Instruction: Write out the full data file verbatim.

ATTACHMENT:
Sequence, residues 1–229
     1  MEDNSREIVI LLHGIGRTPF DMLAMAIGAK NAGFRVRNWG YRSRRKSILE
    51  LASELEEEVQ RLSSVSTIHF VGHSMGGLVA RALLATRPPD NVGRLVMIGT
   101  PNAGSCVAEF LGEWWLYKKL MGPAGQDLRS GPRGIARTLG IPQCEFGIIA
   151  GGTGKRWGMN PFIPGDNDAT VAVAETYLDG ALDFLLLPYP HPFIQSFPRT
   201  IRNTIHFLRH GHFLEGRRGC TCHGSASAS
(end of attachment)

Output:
Sequence, residues 1–229
     1  MEDNSREIVI LLHGIGRTPF DMLAMAIGAK NAGFRVRNWG YRSRRKSILE
    51  LASELEEEVQ RLSSVSTIHF VGHSMGGLVA RALLATRPPD NVGRLVMIGT
   101  PNAGSCVAEF LGEWWLYKKL MGPAGQDLRS GPRGIARTLG IPQCEFGIIA
   151  GGTGKRWGMN PFIPGDNDAT VAVAETYLDG ALDFLLLPYP HPFIQSFPRT
   201  IRNTIHFLRH GHFLEGRRGC TCHGSASAS